Finding the Best Sleeping Bag – Our Sleeping Bag Buying Guide

How do you find the best sleeping bag? I thought you’d never ask! This page is the culmination of our years of research, reviews, comparisons, and news coverage. As an outdoor gear authority, we make it our business to know the movers and shakers in the sleeping bag space!

In the following sections, you will find a compendium for every review we have done, prompted by criteria intended to guide you on your journey. Follow the headings and the links to determine what your sleeping bag needs are and which brands to check out first.

The Best Sleeping Bag for YOU – What Are Your Needs?

First things first. The best sleeping bag is going to depend greatly on what type of conditions you intend to use it for. I wouldn’t want to recommend – for example – the best sleeping system for warm weather, if you happen to be hiking above the snow line.

The following is a breakdown by “type” of use. Navigate to the heading that best reflects what YOU need.

Step #1 – What Are Your Conditions?

Environmental conditions are the first consideration and probably the most important “use case”.

The Best Cold Weather Sleeping Bag

When it comes to cold weather, it’s still important to be specific within the category itself.  In particular, Zero Degree vs Sub Zero sleeping bag debate is essentially what it comes down to.

  • Zero Degree (Below Freezing) Sleeping System: As it sounds, these systems are rated down to 0 degrees Fahrenheit. A good zero degree bag is generally adequate for most cold weather sleeping situations. One of my (new) favorites in this category is theKelty Cosmic Zero Degree bag. For a closer look at our top rated best cold weather systems rated for zero degrees, check out this mini-guide I created (link to review).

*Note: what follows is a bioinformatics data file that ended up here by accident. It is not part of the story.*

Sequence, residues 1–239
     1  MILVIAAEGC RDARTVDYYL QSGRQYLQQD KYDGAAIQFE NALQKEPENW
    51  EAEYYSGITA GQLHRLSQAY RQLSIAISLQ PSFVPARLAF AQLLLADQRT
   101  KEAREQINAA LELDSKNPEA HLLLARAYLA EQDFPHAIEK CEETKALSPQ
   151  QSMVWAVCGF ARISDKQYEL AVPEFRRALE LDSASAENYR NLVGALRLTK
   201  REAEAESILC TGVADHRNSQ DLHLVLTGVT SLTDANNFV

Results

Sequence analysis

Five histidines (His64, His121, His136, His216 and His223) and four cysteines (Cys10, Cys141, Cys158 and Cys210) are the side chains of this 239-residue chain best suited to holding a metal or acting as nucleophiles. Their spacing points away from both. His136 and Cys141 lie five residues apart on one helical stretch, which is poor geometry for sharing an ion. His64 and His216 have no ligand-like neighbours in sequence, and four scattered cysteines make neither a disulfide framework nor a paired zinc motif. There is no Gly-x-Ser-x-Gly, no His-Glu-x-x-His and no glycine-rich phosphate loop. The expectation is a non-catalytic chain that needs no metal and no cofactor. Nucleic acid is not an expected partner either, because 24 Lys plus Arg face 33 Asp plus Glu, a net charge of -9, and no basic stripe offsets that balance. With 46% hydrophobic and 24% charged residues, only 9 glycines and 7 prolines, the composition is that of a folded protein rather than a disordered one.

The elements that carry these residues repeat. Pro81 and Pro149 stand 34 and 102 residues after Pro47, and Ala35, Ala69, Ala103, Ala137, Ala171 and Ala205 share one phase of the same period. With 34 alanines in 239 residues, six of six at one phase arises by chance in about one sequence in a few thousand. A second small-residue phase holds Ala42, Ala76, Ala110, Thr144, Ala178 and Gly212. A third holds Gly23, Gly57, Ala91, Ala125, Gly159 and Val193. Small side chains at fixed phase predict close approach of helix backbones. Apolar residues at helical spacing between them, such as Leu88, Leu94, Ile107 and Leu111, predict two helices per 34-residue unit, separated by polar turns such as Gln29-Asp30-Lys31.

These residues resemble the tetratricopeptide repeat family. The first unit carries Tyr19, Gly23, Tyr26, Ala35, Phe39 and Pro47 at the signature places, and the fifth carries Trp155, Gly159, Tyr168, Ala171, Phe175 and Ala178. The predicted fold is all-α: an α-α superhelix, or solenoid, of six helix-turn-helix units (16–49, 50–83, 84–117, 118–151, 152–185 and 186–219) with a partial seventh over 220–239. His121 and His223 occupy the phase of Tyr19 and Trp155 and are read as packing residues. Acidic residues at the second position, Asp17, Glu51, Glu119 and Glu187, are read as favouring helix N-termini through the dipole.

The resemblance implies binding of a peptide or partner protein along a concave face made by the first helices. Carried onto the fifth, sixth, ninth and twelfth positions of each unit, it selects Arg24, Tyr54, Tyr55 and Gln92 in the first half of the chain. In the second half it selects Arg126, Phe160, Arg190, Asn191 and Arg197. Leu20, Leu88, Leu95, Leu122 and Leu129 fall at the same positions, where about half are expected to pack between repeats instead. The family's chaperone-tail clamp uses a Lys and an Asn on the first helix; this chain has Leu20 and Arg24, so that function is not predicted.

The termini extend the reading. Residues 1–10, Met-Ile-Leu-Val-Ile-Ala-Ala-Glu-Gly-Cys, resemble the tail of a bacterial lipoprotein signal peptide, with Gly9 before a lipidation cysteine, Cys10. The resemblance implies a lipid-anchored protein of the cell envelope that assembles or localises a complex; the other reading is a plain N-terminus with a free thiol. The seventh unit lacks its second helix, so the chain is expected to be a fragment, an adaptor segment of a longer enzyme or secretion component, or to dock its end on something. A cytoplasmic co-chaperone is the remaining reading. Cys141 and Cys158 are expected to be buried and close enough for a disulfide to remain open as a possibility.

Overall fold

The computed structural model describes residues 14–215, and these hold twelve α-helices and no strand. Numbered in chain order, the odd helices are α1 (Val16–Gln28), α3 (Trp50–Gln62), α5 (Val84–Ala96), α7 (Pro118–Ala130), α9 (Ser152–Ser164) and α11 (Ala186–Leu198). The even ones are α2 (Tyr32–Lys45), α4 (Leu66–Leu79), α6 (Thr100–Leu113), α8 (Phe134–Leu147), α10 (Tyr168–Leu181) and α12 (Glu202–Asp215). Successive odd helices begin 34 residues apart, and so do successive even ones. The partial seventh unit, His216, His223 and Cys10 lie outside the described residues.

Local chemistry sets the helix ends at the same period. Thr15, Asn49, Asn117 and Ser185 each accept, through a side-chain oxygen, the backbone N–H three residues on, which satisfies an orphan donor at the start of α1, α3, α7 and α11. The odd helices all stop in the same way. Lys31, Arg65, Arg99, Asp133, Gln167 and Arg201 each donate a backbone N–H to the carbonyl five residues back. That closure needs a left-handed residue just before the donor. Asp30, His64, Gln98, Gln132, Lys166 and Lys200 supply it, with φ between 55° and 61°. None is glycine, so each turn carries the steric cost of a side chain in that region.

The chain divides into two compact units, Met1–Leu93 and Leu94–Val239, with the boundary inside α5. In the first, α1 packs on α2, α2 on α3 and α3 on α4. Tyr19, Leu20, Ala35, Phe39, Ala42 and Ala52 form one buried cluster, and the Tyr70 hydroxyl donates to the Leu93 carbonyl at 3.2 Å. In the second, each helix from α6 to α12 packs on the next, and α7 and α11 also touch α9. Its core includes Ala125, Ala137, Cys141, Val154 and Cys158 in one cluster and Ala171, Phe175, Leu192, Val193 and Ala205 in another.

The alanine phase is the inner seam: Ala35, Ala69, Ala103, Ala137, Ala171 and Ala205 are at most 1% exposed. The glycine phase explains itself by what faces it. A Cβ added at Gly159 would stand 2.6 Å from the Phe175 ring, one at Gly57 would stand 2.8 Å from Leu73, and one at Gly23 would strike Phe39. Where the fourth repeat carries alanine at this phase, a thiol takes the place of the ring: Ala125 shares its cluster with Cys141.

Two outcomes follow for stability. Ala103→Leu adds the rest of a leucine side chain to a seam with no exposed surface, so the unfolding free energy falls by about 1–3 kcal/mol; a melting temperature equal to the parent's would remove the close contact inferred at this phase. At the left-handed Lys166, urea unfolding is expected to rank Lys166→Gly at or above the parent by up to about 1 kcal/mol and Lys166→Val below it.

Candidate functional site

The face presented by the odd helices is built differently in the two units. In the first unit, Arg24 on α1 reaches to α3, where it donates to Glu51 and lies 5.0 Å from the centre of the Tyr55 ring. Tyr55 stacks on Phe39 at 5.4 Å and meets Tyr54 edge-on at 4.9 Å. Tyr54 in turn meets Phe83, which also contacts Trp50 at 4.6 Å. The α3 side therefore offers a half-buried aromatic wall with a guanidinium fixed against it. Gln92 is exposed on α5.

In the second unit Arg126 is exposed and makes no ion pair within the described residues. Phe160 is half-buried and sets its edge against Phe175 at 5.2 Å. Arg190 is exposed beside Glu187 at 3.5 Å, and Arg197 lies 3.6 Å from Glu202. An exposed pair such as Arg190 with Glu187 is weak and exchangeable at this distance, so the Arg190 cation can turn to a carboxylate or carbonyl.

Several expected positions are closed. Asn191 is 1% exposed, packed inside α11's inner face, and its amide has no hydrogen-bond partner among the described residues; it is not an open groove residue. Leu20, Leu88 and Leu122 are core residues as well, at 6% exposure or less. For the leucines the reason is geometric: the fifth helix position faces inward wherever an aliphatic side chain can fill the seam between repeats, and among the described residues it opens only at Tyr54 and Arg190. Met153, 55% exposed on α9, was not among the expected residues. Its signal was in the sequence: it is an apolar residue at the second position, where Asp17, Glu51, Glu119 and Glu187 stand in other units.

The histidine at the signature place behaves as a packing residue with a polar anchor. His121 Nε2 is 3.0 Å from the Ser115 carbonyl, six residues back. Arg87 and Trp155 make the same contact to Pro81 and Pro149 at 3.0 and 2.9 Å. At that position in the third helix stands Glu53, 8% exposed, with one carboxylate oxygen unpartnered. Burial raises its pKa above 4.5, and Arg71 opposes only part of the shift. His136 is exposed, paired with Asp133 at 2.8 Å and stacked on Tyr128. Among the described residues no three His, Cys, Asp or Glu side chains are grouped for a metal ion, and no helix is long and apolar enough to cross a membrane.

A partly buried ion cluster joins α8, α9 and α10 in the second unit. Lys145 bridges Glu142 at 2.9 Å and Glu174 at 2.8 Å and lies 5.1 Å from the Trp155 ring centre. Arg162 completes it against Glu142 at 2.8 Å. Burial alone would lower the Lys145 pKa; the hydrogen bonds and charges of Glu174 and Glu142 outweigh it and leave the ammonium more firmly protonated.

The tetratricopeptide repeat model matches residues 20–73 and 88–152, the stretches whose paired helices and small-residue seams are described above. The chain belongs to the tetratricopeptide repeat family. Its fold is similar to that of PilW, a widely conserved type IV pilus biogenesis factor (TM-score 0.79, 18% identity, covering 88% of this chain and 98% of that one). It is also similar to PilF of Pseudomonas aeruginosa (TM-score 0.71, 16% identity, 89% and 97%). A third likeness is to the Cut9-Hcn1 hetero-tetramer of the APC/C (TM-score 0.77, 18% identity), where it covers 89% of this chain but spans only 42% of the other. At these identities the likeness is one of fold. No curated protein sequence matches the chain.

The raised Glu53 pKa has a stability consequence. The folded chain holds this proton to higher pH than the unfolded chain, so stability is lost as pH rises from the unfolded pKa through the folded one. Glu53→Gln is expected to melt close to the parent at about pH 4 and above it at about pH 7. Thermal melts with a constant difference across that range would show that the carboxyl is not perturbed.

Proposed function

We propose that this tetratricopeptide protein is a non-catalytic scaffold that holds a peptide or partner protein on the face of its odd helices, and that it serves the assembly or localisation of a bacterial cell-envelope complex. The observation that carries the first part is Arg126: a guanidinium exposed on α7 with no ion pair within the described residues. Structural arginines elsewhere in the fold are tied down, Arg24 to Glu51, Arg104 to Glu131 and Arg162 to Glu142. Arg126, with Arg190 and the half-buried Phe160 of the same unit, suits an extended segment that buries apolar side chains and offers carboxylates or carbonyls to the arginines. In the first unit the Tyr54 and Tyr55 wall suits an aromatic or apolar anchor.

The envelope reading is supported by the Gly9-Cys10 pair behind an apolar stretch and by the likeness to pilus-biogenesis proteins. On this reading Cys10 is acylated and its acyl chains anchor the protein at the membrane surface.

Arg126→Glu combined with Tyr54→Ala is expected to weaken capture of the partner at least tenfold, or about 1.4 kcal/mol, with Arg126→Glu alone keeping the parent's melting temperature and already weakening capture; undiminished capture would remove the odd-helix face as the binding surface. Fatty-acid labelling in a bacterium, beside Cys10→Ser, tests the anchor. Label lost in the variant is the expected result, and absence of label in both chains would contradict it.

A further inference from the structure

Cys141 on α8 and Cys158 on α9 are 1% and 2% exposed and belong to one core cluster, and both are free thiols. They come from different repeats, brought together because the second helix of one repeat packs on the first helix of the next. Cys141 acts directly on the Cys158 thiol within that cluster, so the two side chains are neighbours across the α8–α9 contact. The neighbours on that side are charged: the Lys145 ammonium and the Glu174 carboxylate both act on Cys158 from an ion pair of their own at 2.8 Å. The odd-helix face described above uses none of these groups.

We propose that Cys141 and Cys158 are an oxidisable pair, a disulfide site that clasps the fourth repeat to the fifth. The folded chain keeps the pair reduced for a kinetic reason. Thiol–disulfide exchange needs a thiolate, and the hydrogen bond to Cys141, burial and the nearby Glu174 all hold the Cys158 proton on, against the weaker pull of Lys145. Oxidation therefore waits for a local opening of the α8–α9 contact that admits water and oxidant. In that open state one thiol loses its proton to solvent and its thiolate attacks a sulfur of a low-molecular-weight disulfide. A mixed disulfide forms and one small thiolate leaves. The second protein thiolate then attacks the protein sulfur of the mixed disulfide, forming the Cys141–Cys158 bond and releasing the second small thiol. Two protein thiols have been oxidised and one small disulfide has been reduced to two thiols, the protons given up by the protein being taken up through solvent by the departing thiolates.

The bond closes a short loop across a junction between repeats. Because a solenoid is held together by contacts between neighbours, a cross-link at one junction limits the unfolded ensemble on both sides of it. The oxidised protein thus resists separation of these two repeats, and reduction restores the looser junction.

• Sub-Zero (below zero) Sleeping System: This is where things start to get really intense. I’d generally only recommend a sub-zero bag if you expect temperatures to consistently be near or below zero degrees. Why? Sleeping in a sub-zero sleeping bag at – for example – 20 degrees can turn into a sweat lodge. There is some danger to sweating while you sleep and then having to start your day in below freezing temperatures with your body already moist/damp. However, having camped in Alaska in sub-zero conditions, a proper sub-zero sleeping bag can be the difference between disaster and comfort. Ratings are generally from less than 0 degrees all the way to -40. I’ve never needed a -40 bag. If you do, it’s likely for extreme situations. My personal favorite in this category is the Marmot MemBrain Down sleeping bag, rated for -20 degrees. It’s more expensive because it’s “down” material, but it makes all the difference (and is lightweight too).

Pro Tip: everyone is different. Each of us generates a different amount of natural heat. For example, men tend to sleep naturally warmer than women. It’s generally a good idea to bring a variety of layering clothing to be on the safe side. I’ve personally slept in a “zero degree” bag in -10 conditions with long underwear, wool socks, and a warm fleece hat. In some cases, you can “stretch” your sleep system beyond the retail constraints with proper layering. ALSO: a sleeping bag with a “hood” covering is ideal, seeing as that’s where you tend to lose the most heat.

The Best Sleeping Bags for Wet Weather

The other obstacle to a successful outdoor adventure is moisture. Whether you will have to put up with the infrequent shower or are camping in wet humid climates, a good wet weather bag can mitigate disaster. For wet and cold, see further down.

  • Wet AND Cold Sleeping Systems: Cold and wet. The two worst things a camper faces. Even at 50 degrees, wet conditions cam lead to cold weather injuries, particularly as your core cools down at night. In general, the two best options for cold weather are synthetic or down material. The problem is, down loses it’s insulating power once it becomes wet. With that being said, the best sleep system for cold and wet conditions is generally a synthetic bag with a high quality rain liner/cover. Also consider a hood covering to maintain heat at night.One of our favorites in this category is the Big Agnes Wind Lip 28 (link to website).